File: SimulationDirectTime.htd

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<html>
<head>
<title>Direct Method with Time-Dependent Propensities</title>
</head>
<body>
<h1>Direct Method with Time-Dependent Propensities</h1>

<p>
Cain has an implementation of the direct method
for systems of reactions that have time-dependent propensities.
To use it, select the &quot;Time Inhomogenous&quot; time dependence
category in the method editor.
Let &alpha;(t) be the sum of the propensities. If each of the
propensities was approximately constant on the time scale of 1/&alpha;(t),
which is the average time to the next reaction,
then an approximate solution method could treat them as if they were
actually constant. Of course one would need to evaluate all of the
propensities at each step. If any of the propensities varied significantly
on that time scale then we would need to account for this behavior.
In the following exposition we will assume that no propensities become
zero during a step.
</p>

<p>
Consider the exponential distribution with rate parameter &lambda;.
The probability density function is &lambda; e<sup>-&lambda; t</sup>;
the mean is 1/&lambda;. Let E be an exponential deviate with unit rate
constant. We can obtain an exponential deviate with rate constant &lambda;
simply by dividing by &lambda;. Now consider the case that the rate
parameter is not constant. A exponential deviate is T where
&int;<sub>0</sub><sup>T</sup> &lambda;(t)dt = E. Note that for constant
&lambda; this equation reduces to &lambda; T = E.
</p>

<p>
Recall that when using the direct method one uses exponential deviates
to determine when reactions fire. To determine the time to the next reaction
we generate a unit exponential deviate and then divide that by the sum
of the propensities &alpha;. This gives us an exponential deviate with
rate parameter &alpha;. Now consider a system of reactions in which the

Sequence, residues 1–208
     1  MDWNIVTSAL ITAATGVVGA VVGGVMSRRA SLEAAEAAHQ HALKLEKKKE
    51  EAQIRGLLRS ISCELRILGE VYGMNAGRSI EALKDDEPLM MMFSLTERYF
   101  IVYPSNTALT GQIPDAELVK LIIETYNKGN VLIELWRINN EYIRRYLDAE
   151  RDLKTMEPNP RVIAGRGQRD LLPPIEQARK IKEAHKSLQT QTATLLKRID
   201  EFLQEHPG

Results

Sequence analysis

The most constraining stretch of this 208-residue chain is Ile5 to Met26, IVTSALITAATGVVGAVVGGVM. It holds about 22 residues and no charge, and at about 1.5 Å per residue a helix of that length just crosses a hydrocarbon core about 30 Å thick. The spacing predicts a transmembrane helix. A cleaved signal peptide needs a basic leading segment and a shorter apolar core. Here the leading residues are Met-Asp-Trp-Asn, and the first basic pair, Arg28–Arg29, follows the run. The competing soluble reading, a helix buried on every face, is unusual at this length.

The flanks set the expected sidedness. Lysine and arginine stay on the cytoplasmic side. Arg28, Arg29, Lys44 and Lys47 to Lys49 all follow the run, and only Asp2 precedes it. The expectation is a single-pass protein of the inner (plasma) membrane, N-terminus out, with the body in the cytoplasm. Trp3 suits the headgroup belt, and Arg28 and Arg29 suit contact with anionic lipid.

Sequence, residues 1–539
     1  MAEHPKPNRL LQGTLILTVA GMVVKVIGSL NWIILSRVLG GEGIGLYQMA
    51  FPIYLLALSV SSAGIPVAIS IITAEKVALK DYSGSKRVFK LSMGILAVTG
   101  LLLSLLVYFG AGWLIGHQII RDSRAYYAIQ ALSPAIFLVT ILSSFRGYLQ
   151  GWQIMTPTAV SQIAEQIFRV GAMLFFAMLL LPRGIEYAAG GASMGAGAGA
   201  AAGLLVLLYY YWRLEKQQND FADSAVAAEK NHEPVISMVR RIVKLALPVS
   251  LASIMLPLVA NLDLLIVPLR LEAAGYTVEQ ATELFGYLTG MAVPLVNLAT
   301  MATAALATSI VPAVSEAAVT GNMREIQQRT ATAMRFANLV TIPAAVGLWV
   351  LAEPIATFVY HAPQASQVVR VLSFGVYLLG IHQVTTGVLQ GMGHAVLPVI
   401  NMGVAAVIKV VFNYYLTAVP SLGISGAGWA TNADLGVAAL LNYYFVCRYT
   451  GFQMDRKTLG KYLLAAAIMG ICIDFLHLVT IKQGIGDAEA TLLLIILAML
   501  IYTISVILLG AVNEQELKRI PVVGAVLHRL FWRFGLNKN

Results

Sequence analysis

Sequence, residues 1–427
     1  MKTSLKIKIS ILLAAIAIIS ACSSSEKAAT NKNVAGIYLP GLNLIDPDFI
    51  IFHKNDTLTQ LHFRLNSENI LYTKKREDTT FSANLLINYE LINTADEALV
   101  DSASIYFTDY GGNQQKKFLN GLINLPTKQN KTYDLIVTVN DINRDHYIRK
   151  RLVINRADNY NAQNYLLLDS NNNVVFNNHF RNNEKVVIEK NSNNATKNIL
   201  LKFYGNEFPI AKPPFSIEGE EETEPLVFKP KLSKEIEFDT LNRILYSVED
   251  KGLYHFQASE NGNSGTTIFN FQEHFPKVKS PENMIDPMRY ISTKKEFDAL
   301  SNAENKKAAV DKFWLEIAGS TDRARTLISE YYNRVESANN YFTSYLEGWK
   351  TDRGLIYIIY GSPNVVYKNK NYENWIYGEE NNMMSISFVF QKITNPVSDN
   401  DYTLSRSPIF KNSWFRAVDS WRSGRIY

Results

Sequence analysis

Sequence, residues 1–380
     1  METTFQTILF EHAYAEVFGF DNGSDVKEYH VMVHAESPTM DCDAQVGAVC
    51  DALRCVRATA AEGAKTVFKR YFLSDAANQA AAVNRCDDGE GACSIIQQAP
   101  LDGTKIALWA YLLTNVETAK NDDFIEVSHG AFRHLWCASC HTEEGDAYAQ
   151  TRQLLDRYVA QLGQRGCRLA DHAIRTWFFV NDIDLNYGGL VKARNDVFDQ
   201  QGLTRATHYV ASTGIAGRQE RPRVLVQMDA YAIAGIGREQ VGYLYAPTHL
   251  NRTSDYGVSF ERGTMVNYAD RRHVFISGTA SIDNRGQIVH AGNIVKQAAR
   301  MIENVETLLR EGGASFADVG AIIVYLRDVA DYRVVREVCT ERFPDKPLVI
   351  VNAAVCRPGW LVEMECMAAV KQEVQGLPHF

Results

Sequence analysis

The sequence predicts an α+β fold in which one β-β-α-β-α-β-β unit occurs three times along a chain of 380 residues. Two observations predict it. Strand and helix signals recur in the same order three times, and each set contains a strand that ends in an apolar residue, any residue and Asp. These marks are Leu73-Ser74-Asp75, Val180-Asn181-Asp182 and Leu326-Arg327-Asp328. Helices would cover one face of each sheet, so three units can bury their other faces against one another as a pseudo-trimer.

reaction propensities are functions of time. In order to determine
the time to the next reaction we need to generate a unit exponential
deviate E and then numerically solve
&int;<sub>t</sub><sup>t+T</sup> &alpha;(x)dx = E for T.
</p>

<p>
To solve for T we can numerically integrate &alpha;(t). Below is a simple
algorithm for this.
<pre>
T = 0
while &alpha;(t+T) &Delta;t &lt; E:
  E -= &alpha;(t+T) &Delta;t
  T += &Delta;t
T += E / &alpha;(T)
</pre>
</p>

<p>
You might recognize the above algorithm as the
<a href="http://en.wikipedia.org/wiki/Forward_Euler_method">
forward Euler method</a>, the simplest method for integrating ordinary
differential equations. The accuracy of this method depends on
&Delta;t. There are more accurate methods of numerically integrating
&alpha;(t). The
<a href="http://en.wikipedia.org/wiki/Midpoint_method">
midpoint method</a> and the
<a href="http://en.wikipedia.org/wiki/Runge-Kutta_methods">
fourth-order Runge-Kutta method</a> are good options.
</p>

<p>
So now we know how to determine when the next reaction fires, but how do we
determine which reaction fires? To do this, we integrate each of the
reaction propensities:
pmf<sub>i</sub> = &int;<sub>t</sub><sup>t+T</sup> a<sub>i</sub>(x)dx. To
select a reaction we draw a discrete deviate with this weighted probability
mass function. Below we use the forward Euler method to calculate the
time step T and the probability mass function pmf used to pick a reaction.
We assume that &Delta;t has been initialized to an appropriate value.
<pre>
s = 0
for i in 1..N:
  pmf<sub>i</sub> = 0
  p<sub>i</sub> = a<sub>i</sub>(t)
  s += p<sub>i</sub>
T = 0
while s &Delta;t &lt; E:
  E -= s &Delta;t
  T += &Delta;t
  for i in 1..N:
    pmf<sub>i</sub> += p<sub>i</sub> &Delta;t
    p<sub>i</sub> = a<sub>i</sub>(t+T)
    s += pmf<sub>i</sub>
&Delta;t = E / s
T += &Delta;t
for i in 1..N:
  pmf<sub>i</sub> += p<sub>i</sub> &Delta;t
</pre>
</p>

</body>
</html>